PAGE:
Featherhood by Charlie Gilmour 

In 2010, Charlie Gilmour (the adopted son of Pink Floyd’s David Gilmour), who was then a Cambridge student, “went on a drug-fuelled rampage and climbed the Cenotaph during a student protest”, said Helen Brown in The Daily Telegraph. The episode earned him national notoriety, and a four-month spell in prison. In his “excellent” and “clear-eyed” memoir, Gilmour explores the “turbulent emotions” that caused him to go “off the rails” – and describes how raising a baby magpie helped him recover his sanity. Much of the book is concerned with Gilmour’s search for his biological father, the eccentric poet Heathcote Williams, said Ginny Dougary in the Daily Mail. Williams, an alcoholic Old Etonian anarchist, emerges as a “fascinating”, but “repellent” figure – someone who abandoned his son as a baby (when he walked out on Gilmour’s mother, Polly Samson), and then repeatedly rebuffed his only son’s attempts to contact him. “Heathcote would agree to meet his son, then disappear, blanking his child for years at a time.”

But the book is a story of redemption and self-discovery, as well as of loss, said Helen Davies in The Sunday Times. In Gilmour’s case, this comes courtesy of the “shit-dropping, feather-moulting talking magpie” that he and his girlfriend take into their south London home. Their relationship with the bird is “more than a little odd”: at first they feed it on grubs and worms, later on “strips of beef and scrambled eggs”; it sleeps above them on a branch, and soon their bed is a mass of droppings. Yet nurturing the bird enables Gilmour to “come to terms with his childhood”, and prepares him for becoming a father himself. Featherhood is “sincere and searing”: a “work of magpie investigation that ranks among the best modern coming-of-age memoirs”.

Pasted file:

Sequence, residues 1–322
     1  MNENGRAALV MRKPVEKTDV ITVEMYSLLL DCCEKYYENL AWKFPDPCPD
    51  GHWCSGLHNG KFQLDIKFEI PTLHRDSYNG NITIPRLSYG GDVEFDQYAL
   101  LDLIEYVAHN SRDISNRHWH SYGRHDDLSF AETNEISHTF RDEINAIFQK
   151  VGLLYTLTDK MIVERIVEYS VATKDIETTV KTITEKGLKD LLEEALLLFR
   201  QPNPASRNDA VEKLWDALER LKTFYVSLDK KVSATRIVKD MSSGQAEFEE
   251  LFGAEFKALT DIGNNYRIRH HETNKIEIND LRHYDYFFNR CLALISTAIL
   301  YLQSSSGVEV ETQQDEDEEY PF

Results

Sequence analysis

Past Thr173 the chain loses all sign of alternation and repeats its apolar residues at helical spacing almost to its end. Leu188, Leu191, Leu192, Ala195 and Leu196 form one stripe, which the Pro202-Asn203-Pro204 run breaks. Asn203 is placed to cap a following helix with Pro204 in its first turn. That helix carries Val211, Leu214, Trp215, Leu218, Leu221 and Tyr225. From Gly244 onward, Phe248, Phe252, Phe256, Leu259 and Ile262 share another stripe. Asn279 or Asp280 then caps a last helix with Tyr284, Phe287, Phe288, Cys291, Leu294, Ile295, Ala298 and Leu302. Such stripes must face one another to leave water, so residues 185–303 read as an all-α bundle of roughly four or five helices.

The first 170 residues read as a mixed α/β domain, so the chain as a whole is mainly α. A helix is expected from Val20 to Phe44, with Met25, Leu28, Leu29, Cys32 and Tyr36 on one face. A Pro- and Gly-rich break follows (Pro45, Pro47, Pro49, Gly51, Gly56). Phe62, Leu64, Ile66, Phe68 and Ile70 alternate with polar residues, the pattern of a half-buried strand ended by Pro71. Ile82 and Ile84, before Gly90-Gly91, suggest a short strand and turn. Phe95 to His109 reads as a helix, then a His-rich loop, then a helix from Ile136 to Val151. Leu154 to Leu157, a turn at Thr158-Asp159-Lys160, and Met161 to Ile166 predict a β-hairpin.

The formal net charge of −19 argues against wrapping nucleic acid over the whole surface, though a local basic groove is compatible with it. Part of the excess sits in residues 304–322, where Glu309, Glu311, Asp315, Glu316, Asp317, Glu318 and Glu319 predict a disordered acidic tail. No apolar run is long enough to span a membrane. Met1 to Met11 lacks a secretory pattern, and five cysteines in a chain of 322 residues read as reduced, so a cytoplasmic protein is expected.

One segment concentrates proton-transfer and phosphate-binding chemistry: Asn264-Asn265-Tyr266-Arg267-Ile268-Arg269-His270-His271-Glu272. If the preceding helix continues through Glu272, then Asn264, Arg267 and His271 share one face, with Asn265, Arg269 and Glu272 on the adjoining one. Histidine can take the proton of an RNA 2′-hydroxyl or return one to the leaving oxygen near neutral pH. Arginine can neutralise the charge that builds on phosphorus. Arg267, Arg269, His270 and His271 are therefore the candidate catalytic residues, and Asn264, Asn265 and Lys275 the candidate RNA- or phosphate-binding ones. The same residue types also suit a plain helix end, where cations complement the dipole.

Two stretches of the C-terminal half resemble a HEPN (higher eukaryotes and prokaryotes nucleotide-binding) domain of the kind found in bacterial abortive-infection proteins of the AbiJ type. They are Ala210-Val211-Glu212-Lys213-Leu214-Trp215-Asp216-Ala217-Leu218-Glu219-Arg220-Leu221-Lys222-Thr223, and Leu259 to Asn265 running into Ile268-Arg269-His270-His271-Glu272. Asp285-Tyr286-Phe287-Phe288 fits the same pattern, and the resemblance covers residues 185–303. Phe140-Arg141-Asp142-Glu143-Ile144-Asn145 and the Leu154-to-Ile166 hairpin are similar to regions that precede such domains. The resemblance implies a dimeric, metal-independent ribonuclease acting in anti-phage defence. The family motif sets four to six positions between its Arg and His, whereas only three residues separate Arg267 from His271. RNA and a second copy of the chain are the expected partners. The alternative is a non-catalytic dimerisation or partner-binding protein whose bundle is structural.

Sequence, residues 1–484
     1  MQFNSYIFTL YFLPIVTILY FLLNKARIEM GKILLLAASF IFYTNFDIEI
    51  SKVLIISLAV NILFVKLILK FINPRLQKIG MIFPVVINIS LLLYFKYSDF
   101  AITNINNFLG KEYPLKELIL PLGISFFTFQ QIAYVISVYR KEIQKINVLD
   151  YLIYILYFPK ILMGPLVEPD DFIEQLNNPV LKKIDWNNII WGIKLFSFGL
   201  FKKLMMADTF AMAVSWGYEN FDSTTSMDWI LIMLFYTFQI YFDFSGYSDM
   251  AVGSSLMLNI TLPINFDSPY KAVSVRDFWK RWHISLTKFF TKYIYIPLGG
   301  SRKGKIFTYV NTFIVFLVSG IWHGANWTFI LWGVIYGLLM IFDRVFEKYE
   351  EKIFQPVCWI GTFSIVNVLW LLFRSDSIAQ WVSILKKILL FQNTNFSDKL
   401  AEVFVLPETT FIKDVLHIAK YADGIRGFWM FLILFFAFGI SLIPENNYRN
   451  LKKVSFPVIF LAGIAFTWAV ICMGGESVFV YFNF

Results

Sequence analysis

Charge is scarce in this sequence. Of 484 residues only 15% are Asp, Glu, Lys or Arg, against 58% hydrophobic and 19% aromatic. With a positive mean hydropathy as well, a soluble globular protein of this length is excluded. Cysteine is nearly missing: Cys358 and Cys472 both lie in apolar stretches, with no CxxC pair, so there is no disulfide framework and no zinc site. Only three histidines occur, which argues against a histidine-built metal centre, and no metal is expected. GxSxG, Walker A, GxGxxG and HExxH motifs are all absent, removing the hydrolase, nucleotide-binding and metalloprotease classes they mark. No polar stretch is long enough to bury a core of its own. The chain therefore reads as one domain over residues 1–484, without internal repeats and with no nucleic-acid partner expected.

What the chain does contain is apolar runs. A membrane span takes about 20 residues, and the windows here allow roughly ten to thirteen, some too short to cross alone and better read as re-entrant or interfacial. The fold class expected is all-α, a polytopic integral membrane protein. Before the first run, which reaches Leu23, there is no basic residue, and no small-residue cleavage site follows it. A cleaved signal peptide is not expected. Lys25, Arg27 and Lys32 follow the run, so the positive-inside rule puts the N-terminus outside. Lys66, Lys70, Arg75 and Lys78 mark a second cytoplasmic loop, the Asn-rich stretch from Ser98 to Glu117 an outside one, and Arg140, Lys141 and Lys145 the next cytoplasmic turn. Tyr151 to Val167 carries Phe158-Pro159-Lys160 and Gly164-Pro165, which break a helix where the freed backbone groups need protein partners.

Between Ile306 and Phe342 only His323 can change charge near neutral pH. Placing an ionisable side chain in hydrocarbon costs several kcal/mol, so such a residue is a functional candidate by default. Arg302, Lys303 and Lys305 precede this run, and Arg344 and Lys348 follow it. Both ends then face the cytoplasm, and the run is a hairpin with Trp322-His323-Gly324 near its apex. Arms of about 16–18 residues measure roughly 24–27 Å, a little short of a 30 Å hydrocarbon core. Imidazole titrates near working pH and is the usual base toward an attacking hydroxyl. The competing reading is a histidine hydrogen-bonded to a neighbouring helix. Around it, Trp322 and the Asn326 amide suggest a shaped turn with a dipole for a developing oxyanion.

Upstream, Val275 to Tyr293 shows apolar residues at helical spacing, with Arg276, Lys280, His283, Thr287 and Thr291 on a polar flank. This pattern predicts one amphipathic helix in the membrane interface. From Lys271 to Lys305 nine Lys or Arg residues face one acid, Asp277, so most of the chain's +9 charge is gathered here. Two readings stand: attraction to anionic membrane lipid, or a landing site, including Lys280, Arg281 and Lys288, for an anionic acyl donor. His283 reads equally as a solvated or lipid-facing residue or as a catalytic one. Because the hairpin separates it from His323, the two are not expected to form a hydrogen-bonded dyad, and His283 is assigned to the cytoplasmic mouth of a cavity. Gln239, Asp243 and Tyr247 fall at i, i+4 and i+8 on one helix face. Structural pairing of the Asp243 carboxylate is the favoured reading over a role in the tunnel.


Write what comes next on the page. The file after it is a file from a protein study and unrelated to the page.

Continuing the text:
W&N 288pp £16.99; The Week Bookshop £13.99

Novel of the week Just Like You by Nick Hornby 

Nick Hornby’s latest novel centres on a love affair between Joseph, a working-class black man in his early 20s, and 42-year-old Lucy, a white English teacher, said Sam Leith in The Observer. The pair meet when Lucy employs Joseph as a babysitter; they are soon inhabiting a romantic “bubble” based around sex and watching The Sopranos. Soon, however, their “differences” cause tension: a neighbour calls the police after spotting a black youth “loitering” on Lucy’s doorstep; Joseph is “mortified” by the way Lucy “toe-taps along” to his dance track. “Hornby is surefooted around all these issues” – and the result is “funny” and “engaging”.

Hornby is a skilled scrutiniser of “social mores”, said Claire Allfree in the London Evening Standard. But his writing these days is becoming “flabbier”, and here he’s also prone to the “literary equivalent of dad dancing”, with several embarrassing “lapses into urban slang”. While it’s “bold” of him, in the current climate, to have written so much of his novel from the perspective of a young black character, I’m not sure he’s really “any good at it”.

Viking 320pp £16.99; The Week Bookshop £13.99